Archive for December, 2008
Solar maps could help community energy planning
by damian | Uncategorized

Time has an article today about engineering firm CH2M Hill’s efforts to map renewable energy potential in cities. They worked with the city of San Francisco and Google maps to create a map that shows solar installations and the potential for solar power in each neighborhood. A homeowner can zoom in to a satellite image of her roof to see exactly how much solar energy she could potentially harvest and what the savings would be in terms of carbon emissions. The site also tracks the number of solar installations and total ghg savings citywide. It’s pretty fun to play with.

Considering renewable energy development and efficiency projects in terms of microclimates at the neighborhood or even individual street level seems to be an idea taking hold in several communities across the country. The University of Nebraska has a pilot project to help a neighborhood lower its energy use by 25 percent, for example.

And I’ve heard from one sustainable development planner in Portland that there’s a regional effort underway in Portland and Seattle to create energy districts — local improvement districts in Oregon legalese — to help pay for neighborhood energy projects. All ratepayers in the district would pay the same set amount for utility bills, creating a pool of money to complete efficiency projects and incentive to encourage their neighbors to do the same. It seems like CH2M Hill’s renewable energy maps would be useful in directing energy investments at the community level.

Blumenauer says auto industry bailout should replace entire federal fleet
by damian | Uncategorized

Congressman Earl Blumenauer spoke last week at the Northwest Energy Coalition conference in Portland about a number of energy issues facing Congress in the coming months.

After speaking at length about what an Obama economic recovery plan should look like, he expressed his disgust for a proposed $34 billion auto industry bailout. He acknowledged that passage was likely, however, and proposed his own ideas for how it should go down. (The House approved a much smaller $14B package yesterday)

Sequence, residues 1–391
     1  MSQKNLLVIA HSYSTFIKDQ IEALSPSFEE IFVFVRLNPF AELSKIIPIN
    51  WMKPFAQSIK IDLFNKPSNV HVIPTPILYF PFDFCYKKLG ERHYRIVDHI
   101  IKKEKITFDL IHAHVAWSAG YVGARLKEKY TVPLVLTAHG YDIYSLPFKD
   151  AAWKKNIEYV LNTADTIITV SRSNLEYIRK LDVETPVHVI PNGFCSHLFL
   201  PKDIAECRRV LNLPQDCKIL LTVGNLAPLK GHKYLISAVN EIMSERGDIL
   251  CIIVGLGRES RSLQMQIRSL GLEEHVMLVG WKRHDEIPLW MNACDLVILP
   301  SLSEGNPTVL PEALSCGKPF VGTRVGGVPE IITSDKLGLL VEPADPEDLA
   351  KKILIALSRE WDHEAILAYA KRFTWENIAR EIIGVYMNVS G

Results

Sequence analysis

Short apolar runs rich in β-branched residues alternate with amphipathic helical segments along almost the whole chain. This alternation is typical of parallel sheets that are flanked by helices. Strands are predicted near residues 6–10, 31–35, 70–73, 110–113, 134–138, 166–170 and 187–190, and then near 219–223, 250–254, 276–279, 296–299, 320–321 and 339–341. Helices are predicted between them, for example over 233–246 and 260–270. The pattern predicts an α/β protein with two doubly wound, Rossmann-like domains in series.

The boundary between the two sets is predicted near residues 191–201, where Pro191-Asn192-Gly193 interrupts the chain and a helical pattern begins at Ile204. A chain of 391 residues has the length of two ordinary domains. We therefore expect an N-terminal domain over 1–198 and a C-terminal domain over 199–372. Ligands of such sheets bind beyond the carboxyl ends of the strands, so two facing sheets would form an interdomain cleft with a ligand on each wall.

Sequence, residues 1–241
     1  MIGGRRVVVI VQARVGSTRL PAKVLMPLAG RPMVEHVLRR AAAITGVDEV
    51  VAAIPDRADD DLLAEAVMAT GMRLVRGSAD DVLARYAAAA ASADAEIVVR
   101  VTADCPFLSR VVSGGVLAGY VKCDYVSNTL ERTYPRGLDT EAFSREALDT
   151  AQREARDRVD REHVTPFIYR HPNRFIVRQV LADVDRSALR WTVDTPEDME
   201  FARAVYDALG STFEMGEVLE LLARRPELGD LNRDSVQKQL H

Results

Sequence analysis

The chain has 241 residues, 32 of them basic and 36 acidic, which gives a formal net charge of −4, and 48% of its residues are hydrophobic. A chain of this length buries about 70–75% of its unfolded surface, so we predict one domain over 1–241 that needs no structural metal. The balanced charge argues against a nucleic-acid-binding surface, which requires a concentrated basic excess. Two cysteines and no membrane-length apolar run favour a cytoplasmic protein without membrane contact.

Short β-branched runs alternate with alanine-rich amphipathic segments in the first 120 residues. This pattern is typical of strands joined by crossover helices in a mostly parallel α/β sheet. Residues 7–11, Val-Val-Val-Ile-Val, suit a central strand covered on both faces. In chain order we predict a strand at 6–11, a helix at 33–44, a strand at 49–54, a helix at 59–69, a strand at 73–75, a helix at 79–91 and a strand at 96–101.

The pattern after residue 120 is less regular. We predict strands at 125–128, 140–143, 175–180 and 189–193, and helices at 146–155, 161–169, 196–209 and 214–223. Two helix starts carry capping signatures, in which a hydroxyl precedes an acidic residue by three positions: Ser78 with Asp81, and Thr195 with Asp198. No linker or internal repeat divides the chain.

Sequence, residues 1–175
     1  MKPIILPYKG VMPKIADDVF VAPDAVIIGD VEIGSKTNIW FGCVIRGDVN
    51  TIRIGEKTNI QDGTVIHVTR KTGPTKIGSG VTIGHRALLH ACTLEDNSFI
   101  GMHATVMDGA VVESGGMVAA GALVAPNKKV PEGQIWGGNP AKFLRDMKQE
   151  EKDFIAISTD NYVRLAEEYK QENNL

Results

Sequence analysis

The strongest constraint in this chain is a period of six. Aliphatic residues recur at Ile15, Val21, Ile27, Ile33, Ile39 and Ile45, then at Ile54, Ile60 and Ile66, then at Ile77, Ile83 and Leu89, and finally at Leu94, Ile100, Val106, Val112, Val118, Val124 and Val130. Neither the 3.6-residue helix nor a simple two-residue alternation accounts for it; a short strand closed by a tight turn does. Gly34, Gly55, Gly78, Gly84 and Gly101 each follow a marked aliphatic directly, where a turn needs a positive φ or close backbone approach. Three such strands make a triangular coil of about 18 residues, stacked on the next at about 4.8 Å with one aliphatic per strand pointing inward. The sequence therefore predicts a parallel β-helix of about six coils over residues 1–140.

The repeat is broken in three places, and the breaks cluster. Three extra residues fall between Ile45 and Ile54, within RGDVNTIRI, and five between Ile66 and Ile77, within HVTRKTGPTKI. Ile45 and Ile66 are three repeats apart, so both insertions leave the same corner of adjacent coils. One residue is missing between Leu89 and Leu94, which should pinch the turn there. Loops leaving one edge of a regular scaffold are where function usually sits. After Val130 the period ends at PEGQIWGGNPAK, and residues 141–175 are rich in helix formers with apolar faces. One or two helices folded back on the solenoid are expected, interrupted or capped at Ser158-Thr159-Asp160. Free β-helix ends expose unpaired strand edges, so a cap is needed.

“We might just buy the flippin company [General Motors] and install a CEO who can run it and a board to oversee it,” said Blumenauer.

The feds should then insure that the money is used to invest in next-generation, clean technologies by placing an order with the Big Three to replace the entire federal fleet with plug-in hybrid electrics and cars that run on compressed natural gas or 100-percent biofuels, he said.

“We get something in return for our bailout money and we get to our goal,” for greener transportation options, said Blumenauer.

Blumenauer also had some ideas about how to allocate money to states for energy efficiency projects, which I wrote about today on the NYTimes Green Inc. blog.

Oregon cuts dams even as hydro gains steam
by damian | Uncategorized

The NYTimes’ Green Inc. blog has a posting today about the increased popularity of hydropower projects in U.S. rivers as a cleaner, sometimes cheaper, alternative to traditional energy resources.

In Oregon, this may not be exactly true. Many existing hydro projects are being decommissioned, including those on the Rogue River and the Sandy River, to allow for upstream fish passage. And I don’t know of any re-licensing projects here that are adding turbines to existing dams.

But at least one tech company, Symbiotics, is still building hydro projects here. Or, more accurately, they’re installing inflatable dams on top of irrigation dams to generate power where there was once just a concrete slab. And their work is going gangbusters. When I talked to COO Brent Smith a few months ago for the Relicensing Review he said he expects FERC to approve at least three more project licenses by the end of next year.